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J. F. González-Rouco, H. Heyen, E. Zorita, and F. Valero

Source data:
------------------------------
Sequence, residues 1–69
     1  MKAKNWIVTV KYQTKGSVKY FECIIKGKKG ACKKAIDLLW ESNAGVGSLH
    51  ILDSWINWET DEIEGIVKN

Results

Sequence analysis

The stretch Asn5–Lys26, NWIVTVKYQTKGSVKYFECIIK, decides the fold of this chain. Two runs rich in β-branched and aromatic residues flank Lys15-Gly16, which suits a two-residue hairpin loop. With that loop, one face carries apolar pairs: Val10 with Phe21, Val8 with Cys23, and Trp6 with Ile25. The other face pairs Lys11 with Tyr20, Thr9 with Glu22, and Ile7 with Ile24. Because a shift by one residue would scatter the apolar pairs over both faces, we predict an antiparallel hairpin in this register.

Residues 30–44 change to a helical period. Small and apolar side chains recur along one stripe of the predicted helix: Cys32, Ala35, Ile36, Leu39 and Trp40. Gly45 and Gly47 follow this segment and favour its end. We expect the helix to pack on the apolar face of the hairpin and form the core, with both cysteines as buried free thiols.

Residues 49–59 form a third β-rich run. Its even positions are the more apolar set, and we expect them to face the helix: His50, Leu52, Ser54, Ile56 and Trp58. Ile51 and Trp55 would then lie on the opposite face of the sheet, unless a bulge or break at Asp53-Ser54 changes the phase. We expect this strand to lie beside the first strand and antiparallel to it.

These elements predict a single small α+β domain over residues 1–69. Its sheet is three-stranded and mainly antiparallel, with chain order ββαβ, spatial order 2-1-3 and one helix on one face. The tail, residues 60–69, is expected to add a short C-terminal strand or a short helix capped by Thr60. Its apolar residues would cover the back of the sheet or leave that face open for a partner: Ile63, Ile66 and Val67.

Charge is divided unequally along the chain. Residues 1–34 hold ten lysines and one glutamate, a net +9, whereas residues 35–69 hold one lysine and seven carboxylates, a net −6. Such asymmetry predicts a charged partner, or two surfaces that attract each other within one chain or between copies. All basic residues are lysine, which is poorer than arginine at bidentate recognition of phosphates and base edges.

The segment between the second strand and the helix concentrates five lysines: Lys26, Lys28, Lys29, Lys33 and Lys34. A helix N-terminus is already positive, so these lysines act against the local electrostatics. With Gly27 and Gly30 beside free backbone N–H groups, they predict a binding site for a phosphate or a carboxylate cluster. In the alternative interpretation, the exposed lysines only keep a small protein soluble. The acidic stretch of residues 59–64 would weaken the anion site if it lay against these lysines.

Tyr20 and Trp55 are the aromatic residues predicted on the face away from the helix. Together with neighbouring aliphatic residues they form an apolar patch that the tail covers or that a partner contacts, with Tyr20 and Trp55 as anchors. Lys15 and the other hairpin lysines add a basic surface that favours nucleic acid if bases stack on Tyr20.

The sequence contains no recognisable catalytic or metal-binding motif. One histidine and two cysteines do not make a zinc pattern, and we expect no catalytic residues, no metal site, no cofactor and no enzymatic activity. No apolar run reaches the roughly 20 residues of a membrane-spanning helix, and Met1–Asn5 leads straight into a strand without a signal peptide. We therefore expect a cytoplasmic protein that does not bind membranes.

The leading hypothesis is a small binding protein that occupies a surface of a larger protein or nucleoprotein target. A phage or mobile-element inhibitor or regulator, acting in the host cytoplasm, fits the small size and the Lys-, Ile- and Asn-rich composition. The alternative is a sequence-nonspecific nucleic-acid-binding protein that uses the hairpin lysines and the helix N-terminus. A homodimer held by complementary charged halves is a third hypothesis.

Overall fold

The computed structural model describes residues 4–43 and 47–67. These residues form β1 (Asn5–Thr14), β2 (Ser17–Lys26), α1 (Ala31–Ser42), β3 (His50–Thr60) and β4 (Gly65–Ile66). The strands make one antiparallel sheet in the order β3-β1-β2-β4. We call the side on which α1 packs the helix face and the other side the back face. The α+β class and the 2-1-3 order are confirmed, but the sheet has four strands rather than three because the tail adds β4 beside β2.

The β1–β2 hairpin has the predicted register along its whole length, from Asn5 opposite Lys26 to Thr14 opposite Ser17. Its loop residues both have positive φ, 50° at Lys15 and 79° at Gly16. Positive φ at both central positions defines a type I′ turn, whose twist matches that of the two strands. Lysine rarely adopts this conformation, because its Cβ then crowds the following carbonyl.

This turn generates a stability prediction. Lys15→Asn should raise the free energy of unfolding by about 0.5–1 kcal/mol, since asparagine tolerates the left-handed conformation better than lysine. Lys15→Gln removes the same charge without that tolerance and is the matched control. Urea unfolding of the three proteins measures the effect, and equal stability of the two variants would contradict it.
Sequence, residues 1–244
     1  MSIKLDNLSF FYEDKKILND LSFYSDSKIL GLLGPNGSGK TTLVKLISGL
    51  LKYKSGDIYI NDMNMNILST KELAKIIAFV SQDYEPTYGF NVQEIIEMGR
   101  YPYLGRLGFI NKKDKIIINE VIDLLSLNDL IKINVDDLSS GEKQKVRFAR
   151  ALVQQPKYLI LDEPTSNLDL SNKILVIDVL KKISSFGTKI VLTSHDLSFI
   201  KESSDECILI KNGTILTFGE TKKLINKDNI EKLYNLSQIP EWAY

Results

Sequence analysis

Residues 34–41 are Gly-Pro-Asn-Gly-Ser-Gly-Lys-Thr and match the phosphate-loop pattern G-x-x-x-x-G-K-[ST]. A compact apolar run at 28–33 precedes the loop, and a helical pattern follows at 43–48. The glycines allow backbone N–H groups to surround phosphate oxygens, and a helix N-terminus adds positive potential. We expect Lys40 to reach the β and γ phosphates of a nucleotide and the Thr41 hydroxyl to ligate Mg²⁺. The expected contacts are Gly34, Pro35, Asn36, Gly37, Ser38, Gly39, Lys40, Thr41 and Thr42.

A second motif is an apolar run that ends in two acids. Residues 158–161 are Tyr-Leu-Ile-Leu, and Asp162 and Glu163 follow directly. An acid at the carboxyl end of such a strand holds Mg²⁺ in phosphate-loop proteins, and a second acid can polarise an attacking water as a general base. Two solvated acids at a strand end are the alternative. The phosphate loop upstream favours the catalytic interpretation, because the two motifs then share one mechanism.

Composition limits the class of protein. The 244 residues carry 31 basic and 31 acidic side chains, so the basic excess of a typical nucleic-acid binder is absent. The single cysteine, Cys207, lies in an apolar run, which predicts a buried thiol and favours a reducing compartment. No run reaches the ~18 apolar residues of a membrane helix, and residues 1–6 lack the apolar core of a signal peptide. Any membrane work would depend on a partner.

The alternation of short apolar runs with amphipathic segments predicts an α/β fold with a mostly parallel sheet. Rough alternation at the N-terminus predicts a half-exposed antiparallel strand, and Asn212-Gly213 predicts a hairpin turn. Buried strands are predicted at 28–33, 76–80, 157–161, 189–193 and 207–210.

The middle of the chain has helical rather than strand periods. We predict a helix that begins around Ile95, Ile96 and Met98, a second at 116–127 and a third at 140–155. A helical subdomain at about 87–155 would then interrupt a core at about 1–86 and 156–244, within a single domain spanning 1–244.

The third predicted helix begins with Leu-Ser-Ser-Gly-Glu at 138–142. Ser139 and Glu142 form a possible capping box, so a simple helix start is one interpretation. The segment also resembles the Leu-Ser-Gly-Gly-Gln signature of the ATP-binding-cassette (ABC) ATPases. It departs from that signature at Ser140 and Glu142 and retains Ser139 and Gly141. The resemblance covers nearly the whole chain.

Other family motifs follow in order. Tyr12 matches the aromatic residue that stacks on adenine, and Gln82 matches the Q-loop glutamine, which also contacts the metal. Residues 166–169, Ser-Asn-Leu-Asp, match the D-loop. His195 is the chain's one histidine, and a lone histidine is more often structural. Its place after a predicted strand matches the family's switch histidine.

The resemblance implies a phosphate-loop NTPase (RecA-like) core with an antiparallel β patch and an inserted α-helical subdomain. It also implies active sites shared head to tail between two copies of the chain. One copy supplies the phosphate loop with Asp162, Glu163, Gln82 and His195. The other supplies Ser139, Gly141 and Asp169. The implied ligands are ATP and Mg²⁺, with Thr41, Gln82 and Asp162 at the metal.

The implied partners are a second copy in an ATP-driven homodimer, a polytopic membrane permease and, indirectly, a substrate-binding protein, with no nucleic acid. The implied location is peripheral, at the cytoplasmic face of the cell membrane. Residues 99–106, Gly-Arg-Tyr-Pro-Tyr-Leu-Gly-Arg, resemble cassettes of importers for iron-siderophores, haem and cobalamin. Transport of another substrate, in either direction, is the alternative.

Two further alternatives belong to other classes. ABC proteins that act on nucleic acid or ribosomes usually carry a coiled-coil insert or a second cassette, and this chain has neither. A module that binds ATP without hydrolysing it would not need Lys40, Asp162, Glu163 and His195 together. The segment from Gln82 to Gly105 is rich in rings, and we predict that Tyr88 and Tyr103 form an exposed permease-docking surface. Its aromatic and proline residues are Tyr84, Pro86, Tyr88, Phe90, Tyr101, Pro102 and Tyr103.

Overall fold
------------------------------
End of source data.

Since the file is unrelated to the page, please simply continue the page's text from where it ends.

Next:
The lowest spatial scale at which current climate models are considered to be skillful is on the order of 1000 km because of resolution and computer capabilities. The estimation of the regional changes caused by anthropogenic emissions of greenhouse gases and aerosols therefore is problematic. Here a statistical downscaling scheme is used to study the relationship between large-scale sea level pressure and regional precipitation in southwestern Europe, both in observed data and in outputs from a general circulation model (GCM) forced with increasing levels of greenhouse gases and sulfate aerosols. The results indicate that the GCM does reproduce the main aspects of the large- to local-scale coupled variability. Furthermore, these large- to local-scale relationships remain stable in the scenario simulations. The GCM runs predict increases of advection of oceanic air masses to the Iberian Peninsula that will produce a slight decrease of precipitation amounts in the north coast and the opposite effect in the rest of the territory, with values that could reach 10 mm decade−1 in the south. In the homogenized historical records, the obtained pattern of change is very similar. These results support estimations of future regional trends simulated by the GCM under future emission scenarios.

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